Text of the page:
These tips are an extract of larger article available here.
Nutrition tips to help get you started at home:
- Make food rules. Parents without rules about things such as not skipping breakfast or eating in front of TV have adolescents with worse food habits than those with rules. A supportive home environment for nutrition means kids do eat better.
- Never give up encouraging your loved ones to eat more, and a bigger variety, of vegetables and fruit. People who increase their intake of vegetables and fruit also report increased life satisfaction, happiness and well-being.
- Show them which foods belong to the basic foods groups and which do not. Young children find it easy to recognise foods packed with essential nutrients, but harder to identify energy-dense, nutrient-poor foods or junk foods. Discretionary foods make up more than one-third (35 per cent) of what Australians eat, compared to the recommended maximum of 15 per cent. Most people need to cut their “discretionary foods” by more than half.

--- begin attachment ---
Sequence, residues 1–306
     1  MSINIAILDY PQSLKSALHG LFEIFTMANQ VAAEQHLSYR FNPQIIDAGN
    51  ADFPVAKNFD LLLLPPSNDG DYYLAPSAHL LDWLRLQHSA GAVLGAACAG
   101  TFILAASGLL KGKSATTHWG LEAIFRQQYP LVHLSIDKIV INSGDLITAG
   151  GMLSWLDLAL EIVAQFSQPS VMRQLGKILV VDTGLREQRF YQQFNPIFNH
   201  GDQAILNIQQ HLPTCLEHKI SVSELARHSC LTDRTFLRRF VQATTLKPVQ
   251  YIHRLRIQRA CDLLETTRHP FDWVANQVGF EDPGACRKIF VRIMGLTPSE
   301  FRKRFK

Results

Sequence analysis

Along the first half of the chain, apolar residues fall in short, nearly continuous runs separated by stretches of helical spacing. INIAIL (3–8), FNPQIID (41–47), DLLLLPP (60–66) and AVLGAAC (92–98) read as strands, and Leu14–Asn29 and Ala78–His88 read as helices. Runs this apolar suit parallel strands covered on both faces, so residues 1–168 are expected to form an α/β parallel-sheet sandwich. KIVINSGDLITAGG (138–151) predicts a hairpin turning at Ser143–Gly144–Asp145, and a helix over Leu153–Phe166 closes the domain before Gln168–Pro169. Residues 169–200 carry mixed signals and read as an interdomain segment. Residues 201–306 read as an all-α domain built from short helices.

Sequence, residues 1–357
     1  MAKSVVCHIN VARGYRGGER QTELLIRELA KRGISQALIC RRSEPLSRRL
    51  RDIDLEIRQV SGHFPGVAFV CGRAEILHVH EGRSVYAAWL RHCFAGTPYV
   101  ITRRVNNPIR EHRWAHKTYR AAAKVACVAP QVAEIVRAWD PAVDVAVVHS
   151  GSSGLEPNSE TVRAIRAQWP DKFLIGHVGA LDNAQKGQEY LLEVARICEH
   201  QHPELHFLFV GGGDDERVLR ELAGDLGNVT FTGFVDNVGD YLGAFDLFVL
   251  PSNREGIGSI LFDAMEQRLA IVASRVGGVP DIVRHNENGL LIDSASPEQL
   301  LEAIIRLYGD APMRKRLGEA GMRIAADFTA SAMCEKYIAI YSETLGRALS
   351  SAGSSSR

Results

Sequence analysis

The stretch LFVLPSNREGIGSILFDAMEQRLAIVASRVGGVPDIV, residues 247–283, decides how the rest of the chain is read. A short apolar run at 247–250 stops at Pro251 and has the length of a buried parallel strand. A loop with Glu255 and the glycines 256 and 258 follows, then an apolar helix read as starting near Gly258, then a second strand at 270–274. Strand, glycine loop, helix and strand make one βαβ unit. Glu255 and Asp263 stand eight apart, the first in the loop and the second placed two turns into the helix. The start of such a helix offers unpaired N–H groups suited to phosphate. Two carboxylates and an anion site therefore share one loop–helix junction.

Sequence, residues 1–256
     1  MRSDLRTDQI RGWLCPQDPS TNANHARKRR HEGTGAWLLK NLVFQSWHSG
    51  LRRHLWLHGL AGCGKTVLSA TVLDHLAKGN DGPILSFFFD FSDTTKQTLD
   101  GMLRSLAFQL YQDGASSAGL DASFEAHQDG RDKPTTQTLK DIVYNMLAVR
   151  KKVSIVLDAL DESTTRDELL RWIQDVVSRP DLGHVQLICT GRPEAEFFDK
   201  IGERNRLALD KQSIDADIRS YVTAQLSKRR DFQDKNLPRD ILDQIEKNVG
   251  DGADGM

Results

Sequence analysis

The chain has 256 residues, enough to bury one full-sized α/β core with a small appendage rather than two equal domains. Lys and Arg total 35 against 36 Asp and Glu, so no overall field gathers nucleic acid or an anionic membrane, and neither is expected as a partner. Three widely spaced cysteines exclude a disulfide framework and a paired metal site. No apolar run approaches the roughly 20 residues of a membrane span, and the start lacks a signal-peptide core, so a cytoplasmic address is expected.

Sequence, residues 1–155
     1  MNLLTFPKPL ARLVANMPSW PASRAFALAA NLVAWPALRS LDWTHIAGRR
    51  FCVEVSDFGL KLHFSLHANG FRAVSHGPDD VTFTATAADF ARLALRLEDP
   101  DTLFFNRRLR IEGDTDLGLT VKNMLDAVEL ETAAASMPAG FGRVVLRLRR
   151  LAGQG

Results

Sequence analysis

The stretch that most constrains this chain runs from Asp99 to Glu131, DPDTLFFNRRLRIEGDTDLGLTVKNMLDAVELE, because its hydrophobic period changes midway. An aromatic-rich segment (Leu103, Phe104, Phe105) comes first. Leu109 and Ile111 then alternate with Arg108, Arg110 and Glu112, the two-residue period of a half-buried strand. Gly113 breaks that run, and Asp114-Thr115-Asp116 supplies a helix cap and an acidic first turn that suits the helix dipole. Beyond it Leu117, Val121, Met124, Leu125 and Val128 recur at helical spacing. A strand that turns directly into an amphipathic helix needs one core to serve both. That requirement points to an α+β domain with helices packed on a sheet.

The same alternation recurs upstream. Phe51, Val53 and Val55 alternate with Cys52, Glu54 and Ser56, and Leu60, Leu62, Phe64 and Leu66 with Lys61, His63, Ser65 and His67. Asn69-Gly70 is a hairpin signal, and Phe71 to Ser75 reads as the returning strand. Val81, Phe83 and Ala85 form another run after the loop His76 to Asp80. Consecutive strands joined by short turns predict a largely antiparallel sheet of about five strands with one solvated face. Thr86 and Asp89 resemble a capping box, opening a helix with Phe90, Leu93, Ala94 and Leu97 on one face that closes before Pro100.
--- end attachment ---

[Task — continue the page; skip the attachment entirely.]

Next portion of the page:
- Plan meals and snacks ahead of time. Base them around the five nutrient-rich core foods: vegetables, fruits, wholegrains, lean sources of protein (fish, chicken, meat, eggs, tofu, nuts, seeds, legumes, dried beans and lentils) and dairy products such as yoghurt, cheese and milk. Prepare school and work lunches the night before and refrigerate them.
- Try healthy fast food cooked at home. Instead of ordering in, spread a pizza base with tomato paste and top it with grated carrot and zucchini or other vegetables, some cooked chicken, meat or four-bean mix and grated cheese. Bake until crispy and serve with salad. People who cook more have healthier eating habits, better nutrient intakes and spend less money on takeaways.
Frequent family meals have added benefits, including better mental health, self-esteem and school success.